> > > stonewalled its customers when their products failed.
> > >
> > >
> > >
> > >> [Original Message]
> > >> From: Chris Cheng <Chris.Cheng@xxxxxxxx>
> > >> To: <leeritchey@xxxxxxxxxxxxx>; Steve Weir <weirsi@xxxxxxxxxx>
> > >> Cc: Ivor Bowden <ibowden@xxxxxxxxxxxxxxxxx>; Gil Simsic [IEEE]
> > >>
> > > <gilsimsic@xxxxxxxx>; <si-list@xxxxxxxxxxxxx>
> > >
> > >> Date: 3/30/2008 11:12:39 PM
> > >> Subject: RE: [SI-LIST] Re: PDS analysis?
> > >>
> > >> The problem is not whether you can have a crappy designed package
that
> > >>
> > > can have hundreds of MHz of noise. If it is large enough on die, you
> will
> > > have fractions of the noise spilling out.
> > >
> > >> Sure, you can put your plane capacitance or exotic caps to make the
> > >>
> > > external power flat like a straight line without any ripple. But does
> it do
> > > a single thing to damp down your core power noise at your die ? You
can
> put
> > > a million caps or planes outside your package and make your external
pin
> > > quiet. But it will not have any measureable effect on your on die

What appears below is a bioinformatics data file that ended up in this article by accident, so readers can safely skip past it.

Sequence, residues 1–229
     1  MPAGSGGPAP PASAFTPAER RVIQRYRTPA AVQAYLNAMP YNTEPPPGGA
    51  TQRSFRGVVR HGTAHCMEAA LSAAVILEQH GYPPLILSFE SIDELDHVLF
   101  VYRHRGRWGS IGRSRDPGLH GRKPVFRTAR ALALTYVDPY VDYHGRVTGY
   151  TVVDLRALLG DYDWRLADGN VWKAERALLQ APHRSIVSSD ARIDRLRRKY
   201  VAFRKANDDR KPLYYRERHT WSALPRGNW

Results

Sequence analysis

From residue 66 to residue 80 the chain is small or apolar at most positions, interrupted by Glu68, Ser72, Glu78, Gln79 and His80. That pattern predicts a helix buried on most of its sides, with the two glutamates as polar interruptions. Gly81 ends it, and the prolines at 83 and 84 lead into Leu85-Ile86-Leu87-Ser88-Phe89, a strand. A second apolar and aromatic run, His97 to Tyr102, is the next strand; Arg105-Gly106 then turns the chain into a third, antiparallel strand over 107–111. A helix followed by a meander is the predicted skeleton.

> noise.
> > >
> > >> It is the same as seeing a leaking diaper and just wipe the outside
> clean
> > >>
> > > or put an extra one to cover it, I guarantee it will not have any
effect
> > > for the end user.
> > >
> > >> ________________________________
> > >>
> > >> From: Lee Ritchey [mailto:leeritchey@xxxxxxxxxxxxx]
> > >> Sent: Sun 3/30/2008 11:21 AM
> > >> To: Steve Weir; Chris Cheng
> > >> Cc: Ivor Bowden; Gil Simsic [IEEE]; si-list@xxxxxxxxxxxxx
> > >> Subject: RE: [SI-LIST] Re: PDS analysis?
> > >>
> > >>
> > >>
> > >> I've got some ICs with core frequency transients well into the
> hundreds of
> > >> MHz.  Looks like the on die and on package capacitance was not done
> well.
> > >> Fixed with a little more plane capacitance.
> > >>
> > >>
> > >>
> > >>> [Original Message]
> > >>> From: steve weir <weirsi@xxxxxxxxxx>
> > >>> To: Chris Cheng <Chris.Cheng@xxxxxxxx>